The S&P/TSX inched up 0.19% on Tuesday, February 6 as the main indexes south of the border rebounded from a brutal Monday. Despite this, the TSX is still down 5.2% so far in 2018. The interest rate rise from the Bank of Canada combined with improving jobs, inflation, and wage numbers has sparked a sell-off in utilities, telecom, and real estate stocks.
Rising bond yields and the threat of tightening monetary policy are casting a shadow on these favoured income plays, but there are still good reasons to hold these stocks in your portfolio. Today, I want to take a look at two of my top stocks to target as buy-low opportunities during this volatile period.
Hydro One Ltd. (TSX:H) fell 2.02% on February 6, and shares have plummeted 7.1% in 2018. The stock is down 13.4% year over year. The Toronto-based company provides transmission and distribution of electricity to southern Ontario. Hydro One has been a source of controversy since its privatization and subsequent public listing, but this is an income machine to hold for the long term.
The United States Federal Energy Regulatory Commission recently approved the merger of Hydro One and Avista Corp. The merger will net Hydro One over 700,000 U.S. consumers. Hydro One was also under fire for its decision to spend $9 million on redesigning bills and for plans to spend an additional $6 million. Investors should expect some political noise to reach Hydro One in what will undoubtedly be a contentious election year for the province of Ontario.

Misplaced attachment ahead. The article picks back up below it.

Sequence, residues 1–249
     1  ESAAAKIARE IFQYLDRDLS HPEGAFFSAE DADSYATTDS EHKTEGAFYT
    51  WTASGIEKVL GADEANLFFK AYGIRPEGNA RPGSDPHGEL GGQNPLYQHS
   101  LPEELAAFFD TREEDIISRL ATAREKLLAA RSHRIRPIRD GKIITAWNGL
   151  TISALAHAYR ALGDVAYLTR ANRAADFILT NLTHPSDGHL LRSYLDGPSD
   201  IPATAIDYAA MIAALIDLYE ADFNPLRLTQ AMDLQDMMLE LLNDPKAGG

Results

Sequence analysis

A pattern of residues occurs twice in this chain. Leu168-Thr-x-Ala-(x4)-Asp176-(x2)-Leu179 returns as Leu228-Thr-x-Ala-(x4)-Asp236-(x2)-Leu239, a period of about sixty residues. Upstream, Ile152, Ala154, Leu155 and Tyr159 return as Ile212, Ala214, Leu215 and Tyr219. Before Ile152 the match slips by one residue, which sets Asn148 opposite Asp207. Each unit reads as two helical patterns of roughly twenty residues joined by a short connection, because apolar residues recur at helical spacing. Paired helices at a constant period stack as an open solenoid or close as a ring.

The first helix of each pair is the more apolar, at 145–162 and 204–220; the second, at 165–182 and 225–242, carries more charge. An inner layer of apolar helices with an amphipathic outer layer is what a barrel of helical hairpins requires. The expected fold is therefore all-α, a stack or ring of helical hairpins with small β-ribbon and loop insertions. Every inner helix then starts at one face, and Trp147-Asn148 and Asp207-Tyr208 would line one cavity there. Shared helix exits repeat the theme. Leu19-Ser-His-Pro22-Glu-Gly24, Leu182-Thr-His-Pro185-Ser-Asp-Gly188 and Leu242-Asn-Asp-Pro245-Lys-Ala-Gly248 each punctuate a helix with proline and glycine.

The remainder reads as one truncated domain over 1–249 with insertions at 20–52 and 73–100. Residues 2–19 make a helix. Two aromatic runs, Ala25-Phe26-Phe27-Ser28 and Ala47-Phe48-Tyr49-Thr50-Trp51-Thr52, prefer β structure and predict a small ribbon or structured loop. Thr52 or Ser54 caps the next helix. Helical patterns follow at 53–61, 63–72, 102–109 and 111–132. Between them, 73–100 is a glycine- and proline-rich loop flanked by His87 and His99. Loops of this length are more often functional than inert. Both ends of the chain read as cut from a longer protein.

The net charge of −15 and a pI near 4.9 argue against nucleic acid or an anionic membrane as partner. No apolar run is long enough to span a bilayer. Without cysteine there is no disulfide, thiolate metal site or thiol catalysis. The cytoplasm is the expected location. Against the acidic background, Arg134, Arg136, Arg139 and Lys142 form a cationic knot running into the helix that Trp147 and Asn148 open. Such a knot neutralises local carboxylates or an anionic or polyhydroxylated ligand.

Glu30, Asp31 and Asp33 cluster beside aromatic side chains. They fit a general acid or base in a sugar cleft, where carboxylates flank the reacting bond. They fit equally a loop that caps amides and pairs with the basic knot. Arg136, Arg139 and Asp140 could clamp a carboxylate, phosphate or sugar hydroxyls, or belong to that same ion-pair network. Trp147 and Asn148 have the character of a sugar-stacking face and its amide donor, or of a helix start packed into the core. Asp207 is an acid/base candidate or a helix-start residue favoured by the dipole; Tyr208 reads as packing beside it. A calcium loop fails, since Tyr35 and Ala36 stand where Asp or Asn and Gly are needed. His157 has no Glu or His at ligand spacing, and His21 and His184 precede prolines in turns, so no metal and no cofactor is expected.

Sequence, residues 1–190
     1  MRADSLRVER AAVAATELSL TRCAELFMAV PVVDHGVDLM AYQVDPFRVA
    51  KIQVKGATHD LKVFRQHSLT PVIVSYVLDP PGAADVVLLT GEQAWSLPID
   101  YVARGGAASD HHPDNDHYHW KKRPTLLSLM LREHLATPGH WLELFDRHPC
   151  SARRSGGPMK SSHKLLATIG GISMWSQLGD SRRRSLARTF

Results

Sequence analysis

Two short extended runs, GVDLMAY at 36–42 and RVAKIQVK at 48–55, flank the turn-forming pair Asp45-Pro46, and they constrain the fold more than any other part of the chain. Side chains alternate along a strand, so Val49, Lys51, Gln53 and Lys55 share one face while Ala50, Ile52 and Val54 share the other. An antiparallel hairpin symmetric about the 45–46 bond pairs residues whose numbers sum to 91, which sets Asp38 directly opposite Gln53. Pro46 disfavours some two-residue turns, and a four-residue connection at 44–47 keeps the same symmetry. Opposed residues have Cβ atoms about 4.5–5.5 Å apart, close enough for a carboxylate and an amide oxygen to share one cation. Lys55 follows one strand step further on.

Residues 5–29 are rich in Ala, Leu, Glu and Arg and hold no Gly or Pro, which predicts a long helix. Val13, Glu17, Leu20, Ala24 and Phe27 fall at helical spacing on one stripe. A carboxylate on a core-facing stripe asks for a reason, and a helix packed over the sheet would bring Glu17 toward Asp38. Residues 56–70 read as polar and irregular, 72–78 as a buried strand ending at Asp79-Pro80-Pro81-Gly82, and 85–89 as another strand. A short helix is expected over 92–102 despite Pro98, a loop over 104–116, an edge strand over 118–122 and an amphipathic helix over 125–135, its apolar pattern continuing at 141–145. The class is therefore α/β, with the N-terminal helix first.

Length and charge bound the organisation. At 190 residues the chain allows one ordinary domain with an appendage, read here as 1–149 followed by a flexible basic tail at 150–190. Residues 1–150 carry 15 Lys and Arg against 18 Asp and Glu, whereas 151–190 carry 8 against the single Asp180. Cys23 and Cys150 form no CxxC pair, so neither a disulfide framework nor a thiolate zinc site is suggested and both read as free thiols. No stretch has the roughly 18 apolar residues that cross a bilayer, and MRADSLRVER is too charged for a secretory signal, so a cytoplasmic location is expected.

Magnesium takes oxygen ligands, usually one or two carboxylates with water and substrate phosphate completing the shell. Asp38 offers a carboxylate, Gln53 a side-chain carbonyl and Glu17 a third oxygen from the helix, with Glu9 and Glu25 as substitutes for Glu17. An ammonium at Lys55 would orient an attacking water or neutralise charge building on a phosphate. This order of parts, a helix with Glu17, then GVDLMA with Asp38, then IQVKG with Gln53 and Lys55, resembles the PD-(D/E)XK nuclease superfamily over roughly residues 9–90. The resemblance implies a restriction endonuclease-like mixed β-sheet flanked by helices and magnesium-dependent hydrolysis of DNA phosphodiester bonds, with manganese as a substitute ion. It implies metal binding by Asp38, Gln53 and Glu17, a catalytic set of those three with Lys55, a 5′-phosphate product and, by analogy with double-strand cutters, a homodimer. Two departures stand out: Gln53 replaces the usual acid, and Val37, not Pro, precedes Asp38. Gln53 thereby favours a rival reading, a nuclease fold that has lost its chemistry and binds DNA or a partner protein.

Hydro One will release its 2017 fourth-quarter and full-year results on February 13. In the third quarter, the company reported adjusted net earnings of $237 million compared to $233 million in the prior year. The company last delivered a quarterly dividend of $0.22 per share, representing a 4.2% dividend yield.
Rogers Communications Inc. (TSX:RCI.B)(NYSE:RCI) has declined 9.8% in 2018. Canadian telecommunications stocks have been hammered in recent weeks. Rogers is now trading almost $13 off its all-time high of $70.08 reached in late November 2017. Telecoms have also come under fire from consumer advocates for reportedly aggressive sales tactics.
Rogers released its 2017 fourth-quarter and full-year results on January 25. For the full year, Rogers reported wireless service revenue growth of 7%, and wireless postpaid net additions of 354,000. The fourth quarter saw Rogers post service revenue growth of 4% year over year and internet revenue growth of 9%. Net income jumped to $1.7 billion in 2017 compared to $835 million in 2016 — a 105% rise.
For 2018, Rogers projected revenue growth between 3% and 5% and adjusted EBITDA of between 5% and 7%. Rogers also declared a quarterly dividend of $0.48 per share, representing a 3.3% dividend yield.
Although I like both of these stocks to bounce back from a steep early swoon in 2018, Rogers is my top option to stack, as it lurches along a slumping TSX to start the year.